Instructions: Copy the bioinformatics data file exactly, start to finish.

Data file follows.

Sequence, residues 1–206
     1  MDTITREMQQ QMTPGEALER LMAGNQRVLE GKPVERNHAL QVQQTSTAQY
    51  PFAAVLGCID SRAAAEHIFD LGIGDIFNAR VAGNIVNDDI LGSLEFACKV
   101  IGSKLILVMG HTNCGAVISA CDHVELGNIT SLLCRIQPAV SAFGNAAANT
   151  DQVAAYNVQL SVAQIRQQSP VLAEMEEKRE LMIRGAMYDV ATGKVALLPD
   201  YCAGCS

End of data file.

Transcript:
Sequence, residues 1–206
     1  MDTITREMQQ QMTPGEALER LMAGNQRVLE GKPVERNHAL QVQQTSTAQY
    51  PFAAVLGCID SRAAAEHIFD LGIGDIFNAR VAGNIVNDDI LGSLEFACKV
   101  IGSKLILVMG HTNCGAVISA CDHVELGNIT SLLCRIQPAV SAFGNAAANT
   151  DQVAAYNVQL SVAQIRQQSP VLAEMEEKRE LMIRGAMYDV ATGKVALLPD
   201  YCAGCS